What happens if your dog bites someone?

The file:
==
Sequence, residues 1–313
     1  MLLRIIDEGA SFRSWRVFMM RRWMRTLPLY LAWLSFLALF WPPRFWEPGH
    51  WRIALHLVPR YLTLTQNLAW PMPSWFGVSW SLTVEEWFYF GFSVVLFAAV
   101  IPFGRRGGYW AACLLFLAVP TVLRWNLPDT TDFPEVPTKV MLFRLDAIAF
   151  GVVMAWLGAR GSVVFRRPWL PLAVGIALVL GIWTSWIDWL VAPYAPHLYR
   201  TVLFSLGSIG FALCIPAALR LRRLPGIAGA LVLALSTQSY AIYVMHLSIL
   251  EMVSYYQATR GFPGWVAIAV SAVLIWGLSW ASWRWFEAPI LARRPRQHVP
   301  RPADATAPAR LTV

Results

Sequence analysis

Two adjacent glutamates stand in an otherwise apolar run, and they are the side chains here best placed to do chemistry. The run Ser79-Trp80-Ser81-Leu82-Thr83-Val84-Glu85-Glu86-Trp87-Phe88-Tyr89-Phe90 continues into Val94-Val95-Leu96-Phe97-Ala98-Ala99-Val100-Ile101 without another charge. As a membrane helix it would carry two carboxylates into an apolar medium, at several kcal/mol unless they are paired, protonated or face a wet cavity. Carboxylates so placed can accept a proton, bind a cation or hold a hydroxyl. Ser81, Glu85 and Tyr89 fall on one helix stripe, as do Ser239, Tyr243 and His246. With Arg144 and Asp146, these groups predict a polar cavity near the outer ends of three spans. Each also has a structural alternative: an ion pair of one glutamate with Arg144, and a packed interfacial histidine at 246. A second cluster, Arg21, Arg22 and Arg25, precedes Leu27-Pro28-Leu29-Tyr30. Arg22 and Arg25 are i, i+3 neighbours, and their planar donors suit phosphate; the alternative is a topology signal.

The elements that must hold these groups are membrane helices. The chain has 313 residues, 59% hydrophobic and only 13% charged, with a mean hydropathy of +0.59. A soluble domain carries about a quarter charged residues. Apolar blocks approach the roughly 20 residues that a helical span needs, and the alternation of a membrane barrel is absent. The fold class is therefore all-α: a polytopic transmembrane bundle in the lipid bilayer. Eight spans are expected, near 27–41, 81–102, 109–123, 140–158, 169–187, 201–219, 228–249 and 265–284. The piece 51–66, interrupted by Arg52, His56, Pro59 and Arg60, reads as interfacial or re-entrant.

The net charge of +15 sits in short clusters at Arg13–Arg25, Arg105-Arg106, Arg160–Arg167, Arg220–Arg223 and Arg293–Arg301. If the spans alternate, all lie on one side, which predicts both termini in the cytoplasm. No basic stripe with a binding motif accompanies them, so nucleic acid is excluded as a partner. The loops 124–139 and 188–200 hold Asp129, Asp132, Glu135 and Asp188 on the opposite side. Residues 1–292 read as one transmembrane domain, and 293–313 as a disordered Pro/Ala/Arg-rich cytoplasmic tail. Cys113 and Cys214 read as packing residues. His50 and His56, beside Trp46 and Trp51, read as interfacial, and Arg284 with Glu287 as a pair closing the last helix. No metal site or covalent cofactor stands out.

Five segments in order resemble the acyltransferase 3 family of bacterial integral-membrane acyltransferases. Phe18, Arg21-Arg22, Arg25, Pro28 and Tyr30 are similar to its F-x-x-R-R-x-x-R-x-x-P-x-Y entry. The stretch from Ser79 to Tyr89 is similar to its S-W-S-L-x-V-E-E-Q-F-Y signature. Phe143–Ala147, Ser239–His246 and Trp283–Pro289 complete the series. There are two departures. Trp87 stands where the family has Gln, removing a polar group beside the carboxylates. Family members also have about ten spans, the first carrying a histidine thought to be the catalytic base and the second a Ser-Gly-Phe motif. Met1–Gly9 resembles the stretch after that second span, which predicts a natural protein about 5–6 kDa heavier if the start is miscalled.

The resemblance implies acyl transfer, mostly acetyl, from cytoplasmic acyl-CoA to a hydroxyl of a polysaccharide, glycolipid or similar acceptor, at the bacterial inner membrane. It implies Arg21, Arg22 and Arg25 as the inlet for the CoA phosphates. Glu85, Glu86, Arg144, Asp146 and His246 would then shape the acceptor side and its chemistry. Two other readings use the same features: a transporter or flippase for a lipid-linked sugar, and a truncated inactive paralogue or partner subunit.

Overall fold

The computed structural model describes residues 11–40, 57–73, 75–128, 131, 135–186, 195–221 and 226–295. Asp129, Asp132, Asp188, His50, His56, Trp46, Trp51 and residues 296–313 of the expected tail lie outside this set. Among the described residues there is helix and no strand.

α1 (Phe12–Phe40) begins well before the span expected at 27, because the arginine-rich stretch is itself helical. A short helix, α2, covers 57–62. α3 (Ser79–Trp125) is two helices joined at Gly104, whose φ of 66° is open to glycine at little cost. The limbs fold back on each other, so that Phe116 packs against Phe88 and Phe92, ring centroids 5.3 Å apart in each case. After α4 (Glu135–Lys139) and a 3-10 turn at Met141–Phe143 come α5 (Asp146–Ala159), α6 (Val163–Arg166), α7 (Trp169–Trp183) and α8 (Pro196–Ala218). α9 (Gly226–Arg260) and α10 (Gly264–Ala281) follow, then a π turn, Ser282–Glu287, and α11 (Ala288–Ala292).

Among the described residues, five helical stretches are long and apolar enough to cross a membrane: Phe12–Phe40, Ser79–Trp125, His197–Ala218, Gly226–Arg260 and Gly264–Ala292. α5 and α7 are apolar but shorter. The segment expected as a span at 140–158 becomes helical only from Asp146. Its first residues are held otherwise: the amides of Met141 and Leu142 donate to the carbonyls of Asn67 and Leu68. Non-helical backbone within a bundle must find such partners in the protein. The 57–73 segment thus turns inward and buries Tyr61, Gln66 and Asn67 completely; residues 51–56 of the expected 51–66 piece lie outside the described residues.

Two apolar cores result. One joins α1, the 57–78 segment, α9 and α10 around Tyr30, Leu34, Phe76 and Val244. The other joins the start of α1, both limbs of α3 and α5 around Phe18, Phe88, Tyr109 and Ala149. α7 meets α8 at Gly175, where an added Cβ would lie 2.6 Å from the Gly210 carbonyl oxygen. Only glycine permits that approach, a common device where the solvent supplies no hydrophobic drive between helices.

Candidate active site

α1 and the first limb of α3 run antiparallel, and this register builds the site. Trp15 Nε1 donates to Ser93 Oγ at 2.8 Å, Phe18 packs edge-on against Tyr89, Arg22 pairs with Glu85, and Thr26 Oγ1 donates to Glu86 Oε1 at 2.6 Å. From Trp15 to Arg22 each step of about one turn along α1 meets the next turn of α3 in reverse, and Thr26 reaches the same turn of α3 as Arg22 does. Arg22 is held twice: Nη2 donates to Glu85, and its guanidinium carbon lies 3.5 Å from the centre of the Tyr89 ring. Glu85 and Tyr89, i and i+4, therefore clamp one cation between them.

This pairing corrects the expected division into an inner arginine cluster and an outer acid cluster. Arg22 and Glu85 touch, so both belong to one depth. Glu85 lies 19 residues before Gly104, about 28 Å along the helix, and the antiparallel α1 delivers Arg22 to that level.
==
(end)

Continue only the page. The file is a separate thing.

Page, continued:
Anyone who knows me, knows I love dogs. Here's a recent photo of our newest dog Jasper, who we adopted (or adopted us) from the Pasco County Animal Services in September. 057 And here's a picture of our other dog, Rosie, who we found tied to a dumpster outside of our office 8 years ago. 027 Both dogs rule the house. We plan our outings and vacations around the dogs, they sleep in Temperpedic beds, take long walks everyday, swim in the pool, and I even make Rosie's dog food because she's sensitive to commercial food. But legally, these clear members of our family, are not "people" and are therefore not subject to the same rights as people. They are what's known in the law as "chattel", a law school word used to describe farm animals in colonial times and basically means that dogs are property and can be taken by the government just like any other property. But under Florida law, according to a Manatee County court, the "dangerous dog" statute gave "unbridled discretion" to animal control officers to enforce the law, and did not afford the owners "due process" to prevent the taking of their "property". If your dog bites a person, they will most likely be confiscated by animal services. Animal services - an administrative branch of our elected county government, then makes the determination as to what to do with the dog. They make a determination as to whether or not the dog will be classified as a "dangerous dog" and/or whether or not the dog will be euthanized. The owner has the right to a hearing. There are two main parts of the law. The first part, Florida Statute 767.12 talks about "dangerous dogs" which is a determination that animal services can make about any given dog. The second part of the statute, 767.13 talks about a dog who causes "severe injury" to a person. This is the part that was recently declared unconstitutional in Manatee County. In case you weren't following the case of Padi, a 4 year old lab owned by a Manatee County veterinarian who bit a small child on the ear last June: I'll try to sum it up briefly. Dr. Paul Gartenberg brought his dog Padi to work in his veterinary clinic. One day, a small boy who was accompanying his babysitter to the vet's office was bothering Padi - Padi went behind the counter to get away from the boy, the boy followed, and Padi ultimately bit the child on the ear causing "severe injury". Animal Services confiscated the dog and their intent was to euthanize the dog because Padi had caused "severe injury". Note that Padi was never declared a dangerous dog. If Padi had been a dangerous dog, Dr. Gartenberg could have argued that the child had provoked the dog. But pursuant to the second section of statute, 767.13, it doesn't matter if the dog was dangerous or not, but merely that the dog had caused severe injury. (The fact that he couldn't make a defense that the child was provoking the dog is what caused the due process violation) Luckily for Padi - in December after much legal wrangling, the court found that Florida Statute 767.13 was unconstitutional for two reasons. The first was that the part of the statute that called for euthanasia of the dog who had caused sever injury was unreasonable to protect a government interest. The second reason was that it gave too much rule making authority, which the court called "unbridled discretion", with no means for the public to object, to animal services. (legally speaking, it took property without due process of the law). So Padi was returned to his owner, and hopefully will live happily ever after. But the interesting thing about this is that the Florida Legislature has already taken this law and rewritten it to make it more favorable to the dog owners. Here's a link to the bill. It provided a nice summary of the current law and it's defects with a concise solution under the new bill. Congrats Florida Legislature for your fast action.
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